At 75 years of age, Otis Williams is the last Temptation standing.
Williams is the lone, living member of the legendary singing group’s original lineup. Paul Williams was the first to go in 1973. David Ruffin was next in 1991, with Eddie Kendricks following a year later. Three years later, Melvin Franklin joined them.
Williams is keeping the name of The Temptations alive, as he sings those baritone vocals along with four other fellas: Ron Tyson, Terry Weeks, Larry Braggs and Willie Green.
“First of all, we still enjoy it and we’re still blessed to carry on for the enjoyment and the love of being able to do it,” says Williams, on the phone from his home in Woodland Hills, Calif. “So, we’re just gonna continue to do it and do it until we can’t do it anymore.”
The Temptations may have been popular doo-wop singers, churning out classics like “My Girl,” “Ain’t Too Proud to Beg” and “The Way You Do The Things You Do,” but they also weren’t afraid to touch on socially conscious matters. In the late ’60s and early ’70s, the Temps, along with producer/songwriter Norman Whitfield, created a series of psychedelic-soul albums that begat such counterculture faves as “Papa Was a Rolling Stone,” “Just My Imagination” and others.
While the group and Whitfield butted heads about the creative direction of the music (the story goes that Whitfield wanted to do socially-conscious songs while the group preferred ballads), the music they did back then was not only award-winning, but remains socially relevant.
“I was talking with a young lady a few days ago,” recalls Williams, “and she had just finished playing ‘Ball of Confusion’ – and ‘Ball of Confusion’ is over 40 years old – and she said, ‘Otis, I just listened to ‘Ball of Confusion’ and it is so apropos with what’s happening in the world today.”
The Temptations are currently on tour with longtime Motown labelmates The Four Tops, a group that also has one founding member (tenor Abdul “Duke” Fakir) left in their crew. (They make a stop Friday at DPAC in Durham.) The Temps and the Tops have always been the twin titans of Motown singing groups, performing and occasionally battling it out onstage for over fifty years.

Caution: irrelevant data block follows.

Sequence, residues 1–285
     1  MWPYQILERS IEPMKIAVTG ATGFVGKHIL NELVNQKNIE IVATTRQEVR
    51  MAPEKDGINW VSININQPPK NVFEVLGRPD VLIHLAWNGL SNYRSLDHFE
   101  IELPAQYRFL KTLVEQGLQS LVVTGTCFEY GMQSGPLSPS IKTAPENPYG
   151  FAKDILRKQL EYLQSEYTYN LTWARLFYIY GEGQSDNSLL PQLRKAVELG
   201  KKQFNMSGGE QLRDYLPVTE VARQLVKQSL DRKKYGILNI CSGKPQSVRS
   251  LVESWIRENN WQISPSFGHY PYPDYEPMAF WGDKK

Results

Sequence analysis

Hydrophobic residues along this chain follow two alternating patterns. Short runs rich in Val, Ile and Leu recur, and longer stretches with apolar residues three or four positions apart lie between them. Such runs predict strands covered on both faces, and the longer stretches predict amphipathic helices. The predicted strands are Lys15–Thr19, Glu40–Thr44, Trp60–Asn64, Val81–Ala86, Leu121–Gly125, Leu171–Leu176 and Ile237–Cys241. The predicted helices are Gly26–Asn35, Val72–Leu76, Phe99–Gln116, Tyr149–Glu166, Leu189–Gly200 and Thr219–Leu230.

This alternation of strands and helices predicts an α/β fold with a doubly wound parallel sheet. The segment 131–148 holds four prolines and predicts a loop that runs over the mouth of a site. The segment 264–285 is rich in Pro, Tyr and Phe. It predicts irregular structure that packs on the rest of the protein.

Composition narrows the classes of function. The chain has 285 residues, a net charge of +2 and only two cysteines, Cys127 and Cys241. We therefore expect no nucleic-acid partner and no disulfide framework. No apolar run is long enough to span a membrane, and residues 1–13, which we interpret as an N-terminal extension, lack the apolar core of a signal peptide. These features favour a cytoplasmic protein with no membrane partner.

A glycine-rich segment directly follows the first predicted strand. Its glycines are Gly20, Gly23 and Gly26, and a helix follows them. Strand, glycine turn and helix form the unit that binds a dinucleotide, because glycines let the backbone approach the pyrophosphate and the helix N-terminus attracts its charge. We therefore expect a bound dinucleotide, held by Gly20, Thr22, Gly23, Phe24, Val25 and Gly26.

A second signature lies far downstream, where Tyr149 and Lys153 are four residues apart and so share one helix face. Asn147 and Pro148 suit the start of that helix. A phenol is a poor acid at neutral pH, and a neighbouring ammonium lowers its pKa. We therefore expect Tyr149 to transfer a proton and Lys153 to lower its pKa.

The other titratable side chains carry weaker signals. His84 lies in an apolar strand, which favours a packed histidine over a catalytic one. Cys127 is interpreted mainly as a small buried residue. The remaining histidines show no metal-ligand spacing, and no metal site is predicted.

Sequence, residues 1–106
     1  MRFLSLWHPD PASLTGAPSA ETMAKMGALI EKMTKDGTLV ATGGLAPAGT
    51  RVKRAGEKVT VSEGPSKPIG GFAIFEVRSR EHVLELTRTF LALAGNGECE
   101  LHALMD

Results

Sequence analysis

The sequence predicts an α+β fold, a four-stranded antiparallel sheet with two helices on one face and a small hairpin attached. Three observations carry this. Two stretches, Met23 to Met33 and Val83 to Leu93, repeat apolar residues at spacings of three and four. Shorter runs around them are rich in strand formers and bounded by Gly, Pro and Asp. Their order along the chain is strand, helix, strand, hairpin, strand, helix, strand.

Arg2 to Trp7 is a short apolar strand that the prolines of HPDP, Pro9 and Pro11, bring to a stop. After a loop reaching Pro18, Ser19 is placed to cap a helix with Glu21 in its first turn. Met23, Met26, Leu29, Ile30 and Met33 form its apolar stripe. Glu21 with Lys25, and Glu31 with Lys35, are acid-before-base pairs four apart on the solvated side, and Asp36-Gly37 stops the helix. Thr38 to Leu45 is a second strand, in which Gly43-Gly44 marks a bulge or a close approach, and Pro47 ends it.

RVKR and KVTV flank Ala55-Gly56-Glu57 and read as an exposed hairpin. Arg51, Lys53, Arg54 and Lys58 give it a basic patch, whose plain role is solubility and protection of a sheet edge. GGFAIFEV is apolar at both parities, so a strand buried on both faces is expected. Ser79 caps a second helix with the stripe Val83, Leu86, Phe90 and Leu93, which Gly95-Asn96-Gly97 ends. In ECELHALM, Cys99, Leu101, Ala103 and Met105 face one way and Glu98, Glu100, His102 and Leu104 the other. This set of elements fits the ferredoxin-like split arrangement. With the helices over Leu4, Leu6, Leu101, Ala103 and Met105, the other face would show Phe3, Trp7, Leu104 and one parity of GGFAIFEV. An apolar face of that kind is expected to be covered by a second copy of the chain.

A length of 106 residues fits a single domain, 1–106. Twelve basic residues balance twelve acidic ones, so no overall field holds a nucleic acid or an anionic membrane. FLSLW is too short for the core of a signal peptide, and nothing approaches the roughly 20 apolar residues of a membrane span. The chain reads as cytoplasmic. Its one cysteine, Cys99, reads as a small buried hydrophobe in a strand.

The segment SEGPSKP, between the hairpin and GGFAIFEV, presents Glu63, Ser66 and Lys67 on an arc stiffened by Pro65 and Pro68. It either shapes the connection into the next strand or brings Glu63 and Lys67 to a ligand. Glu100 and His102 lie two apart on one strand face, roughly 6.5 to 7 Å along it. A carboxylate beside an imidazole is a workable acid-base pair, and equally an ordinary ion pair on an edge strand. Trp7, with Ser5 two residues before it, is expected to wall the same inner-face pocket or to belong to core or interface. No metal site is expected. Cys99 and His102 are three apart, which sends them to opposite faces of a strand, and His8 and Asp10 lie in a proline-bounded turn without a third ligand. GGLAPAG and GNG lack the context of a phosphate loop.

“It started back there in the ’60s, when there were the Motortown Revue shows,” recalls Williams. “That’s where it originally started: The Supremes, The Miracles, Stevie Wonder, Temptations, Four Tops, Gladys Knight and the Pips, Marvelettes.”
Although they don’t duke it out like they used to onstage, opting to do separate sets during shows, Williams is glad that audiences still enjoy a good Temptations/Four Tops show.
“That’s why it’s still happening, because people still enjoy The Four Tops and The Temptations and the music that we make,” he says. “Our audience grew up with us when we first started, back during the ’60s. And so, when we’re onstage, we see that, as well as a new generation, as young as seven and eight years old, with their parents and grandparents passing it on to them.”
In a couple of years, audiences will get the chance to see The Temptations on Broadway – the story of The Temptations, that is. Williams says there will be a Broadway musical centered on the life and times of the group, scheduled to hit the Great White Way in 2018. But for now, you can catch the real deal, along with their longtime rivals, in Durham.
Who: The Temptations and The Four Tops
When: 8 p.m. Friday
Where: Durham Performing Arts Center, 123 Vivian St., Durham
Details: 919-680-2787 or dpacnc.com